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Why Keith Moon was so essential for The Who

Guitarist Pete Townshend addressed some of the misgivings about his life in the excellent book Who Am I, published in 2012. For the first time, readers were invited to sympathise with the man who carried The Who through five decades of work, culminating in the excellent Endless Wire in 2006. By that time, The Who were effectively reduced to a duo as Townshend carried the band with co-frontman Roger Daltrey. Bassist John Entwistle died in 2002, drummer Keith Moon died in 1978 and Kenney Jones – who replaced Moon in 1979 – has disassociated himself from the orbit since the late 1980s.

For many, Moon’s death spelt the end of the band, because his pummelling drum patterns wrapped themselves so neatly over Townshend’s iconoclastic lyrics. There was merit to this argument, as the percussion on It’s Late lacked the thunder of the early albums, and Jones was forced to carry the brunt of the blame that should probably have been aimed at Townshend, who was not writing to the calibre he was capable of. But the band were still blinding live, and although they were ramshackle, they were one of the highlights of Live Aid in 1985.

Clearly, Moon made an impression on Townshend, because when he found a more permanent replacement in the 1990s, it was through a drummer who revered Moon’s work. Drummer Zak Starkey was the son of a Beatle, but he learned to play drums to the sound of Moon’s beat. Starkey brought new life to the band who had finally discarded the shackles of creativity to become the drummer fans of the band had hoped The Who would hire.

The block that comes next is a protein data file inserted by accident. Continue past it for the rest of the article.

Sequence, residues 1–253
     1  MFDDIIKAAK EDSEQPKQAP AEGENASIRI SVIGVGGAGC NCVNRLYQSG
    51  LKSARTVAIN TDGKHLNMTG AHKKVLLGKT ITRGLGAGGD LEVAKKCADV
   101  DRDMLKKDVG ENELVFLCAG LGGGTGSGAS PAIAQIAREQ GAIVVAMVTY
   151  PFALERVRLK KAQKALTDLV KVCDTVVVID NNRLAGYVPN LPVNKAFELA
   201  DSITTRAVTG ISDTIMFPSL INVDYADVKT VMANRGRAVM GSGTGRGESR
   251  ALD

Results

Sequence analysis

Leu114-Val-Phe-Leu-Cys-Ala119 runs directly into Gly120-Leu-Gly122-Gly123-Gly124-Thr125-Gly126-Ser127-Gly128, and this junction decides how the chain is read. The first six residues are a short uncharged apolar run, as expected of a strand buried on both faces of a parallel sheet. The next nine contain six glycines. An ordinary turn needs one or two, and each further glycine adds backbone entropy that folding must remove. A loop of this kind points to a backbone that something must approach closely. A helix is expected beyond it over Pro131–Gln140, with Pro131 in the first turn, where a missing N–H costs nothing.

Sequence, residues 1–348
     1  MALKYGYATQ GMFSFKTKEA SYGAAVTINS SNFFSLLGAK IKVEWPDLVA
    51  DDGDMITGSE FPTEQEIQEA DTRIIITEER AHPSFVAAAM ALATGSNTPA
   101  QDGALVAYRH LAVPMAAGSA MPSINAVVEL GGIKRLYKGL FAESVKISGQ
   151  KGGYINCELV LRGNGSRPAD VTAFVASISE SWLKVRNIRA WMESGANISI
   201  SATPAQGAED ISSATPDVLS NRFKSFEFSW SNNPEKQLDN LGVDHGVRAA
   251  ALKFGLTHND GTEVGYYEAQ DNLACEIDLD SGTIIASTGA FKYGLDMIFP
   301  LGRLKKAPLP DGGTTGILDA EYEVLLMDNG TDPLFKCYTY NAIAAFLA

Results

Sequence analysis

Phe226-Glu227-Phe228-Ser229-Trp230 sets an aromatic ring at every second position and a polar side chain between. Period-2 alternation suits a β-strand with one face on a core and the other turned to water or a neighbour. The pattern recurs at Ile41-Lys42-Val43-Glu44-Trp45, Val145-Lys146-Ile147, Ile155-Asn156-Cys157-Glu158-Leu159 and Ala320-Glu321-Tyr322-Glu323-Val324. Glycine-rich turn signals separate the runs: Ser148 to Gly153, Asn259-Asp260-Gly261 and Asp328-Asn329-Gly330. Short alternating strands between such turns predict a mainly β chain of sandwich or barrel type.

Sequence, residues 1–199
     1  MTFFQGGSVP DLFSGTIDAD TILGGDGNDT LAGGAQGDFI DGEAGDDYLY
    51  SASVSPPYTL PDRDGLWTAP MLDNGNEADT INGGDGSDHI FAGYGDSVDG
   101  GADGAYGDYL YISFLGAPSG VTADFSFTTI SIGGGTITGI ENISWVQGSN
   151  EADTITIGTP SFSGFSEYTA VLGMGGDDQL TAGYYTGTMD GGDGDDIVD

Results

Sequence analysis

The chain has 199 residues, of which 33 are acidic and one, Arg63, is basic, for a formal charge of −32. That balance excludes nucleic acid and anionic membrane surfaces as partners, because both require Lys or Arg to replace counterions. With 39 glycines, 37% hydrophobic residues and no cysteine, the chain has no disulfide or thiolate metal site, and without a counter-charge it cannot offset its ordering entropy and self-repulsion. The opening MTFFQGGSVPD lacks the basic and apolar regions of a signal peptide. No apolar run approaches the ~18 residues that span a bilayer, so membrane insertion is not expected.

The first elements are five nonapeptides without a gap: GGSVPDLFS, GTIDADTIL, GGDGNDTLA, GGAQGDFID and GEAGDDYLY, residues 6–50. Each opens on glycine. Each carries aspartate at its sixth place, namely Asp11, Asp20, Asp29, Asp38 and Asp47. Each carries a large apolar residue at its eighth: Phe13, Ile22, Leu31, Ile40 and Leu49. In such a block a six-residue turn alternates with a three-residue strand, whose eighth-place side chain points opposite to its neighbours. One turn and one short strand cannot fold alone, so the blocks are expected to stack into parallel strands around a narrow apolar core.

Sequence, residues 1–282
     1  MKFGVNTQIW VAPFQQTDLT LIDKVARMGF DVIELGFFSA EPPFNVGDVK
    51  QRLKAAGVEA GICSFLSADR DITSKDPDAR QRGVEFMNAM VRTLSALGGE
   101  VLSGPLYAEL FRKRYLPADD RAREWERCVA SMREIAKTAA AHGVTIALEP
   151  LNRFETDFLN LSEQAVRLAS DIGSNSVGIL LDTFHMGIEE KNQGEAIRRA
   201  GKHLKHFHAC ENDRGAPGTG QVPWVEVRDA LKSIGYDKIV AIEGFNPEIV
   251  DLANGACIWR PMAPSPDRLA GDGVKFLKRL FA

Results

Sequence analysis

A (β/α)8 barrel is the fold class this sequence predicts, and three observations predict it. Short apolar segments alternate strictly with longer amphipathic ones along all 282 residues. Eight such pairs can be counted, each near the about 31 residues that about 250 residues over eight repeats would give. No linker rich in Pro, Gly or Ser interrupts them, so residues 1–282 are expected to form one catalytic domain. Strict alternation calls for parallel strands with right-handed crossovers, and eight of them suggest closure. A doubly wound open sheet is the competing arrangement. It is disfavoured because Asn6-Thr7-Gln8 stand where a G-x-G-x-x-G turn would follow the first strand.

For the legacy of the band is as much Moon’s as it is Townshend’s, and the percussionist captured the songwriter’s creative muse in a way that surprised even him. He remembered the percussionist in one of the book’s more memorable passages. “As soon as he began to play,” Townshend wrote, “We knew we’d found our missing link. Roger tried to befriend Keith, but Keith kept his distance. He also seemed to see Roger’s success pulling girls at our gigs as a challenge. They sometimes chased the same girls in these early days, and it was never clear to me who was winning . . . Keith’s main pal in the band became John [Entwistle]. They were hysterically funny together and shared an apartment for a while. Roger and I got the impression they did almost everything together, including having sex with girls. It must have been mayhem.”

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To borrow a phrase from Yeats, a terrible beauty was born at that moment in time. Rock drumming stepped up a gear, and anything recorded before seemed tame in comparison. Ringo Starr‘s drum presence seemed impressive in 1964 – listen to those walloping backpedals on ‘She Loves You’ – but Moon made it seem like child’s play, particularly on the explosive ‘I Can See For Miles’, where the drummer kicked, thumped and hit from all angles of his kit.

A terrible beauty was born, and although the drumming performance became an albatross for the band when they elected to replace the percussion player after death. Whether or not Moon could have played in a more accomplished band like Led Zeppelin is up for debate, but he suited The Who’s anarchic energy, and what’s most apparent from the guitarists’ memoir is that he valued the work the drummer brought to him. It’s also clear that the guitarist made an impression on the percussionist, and together, the band created a stunning catalogue of work that still holds up to this very day.

Stream ‘I Can See For Miles’ below.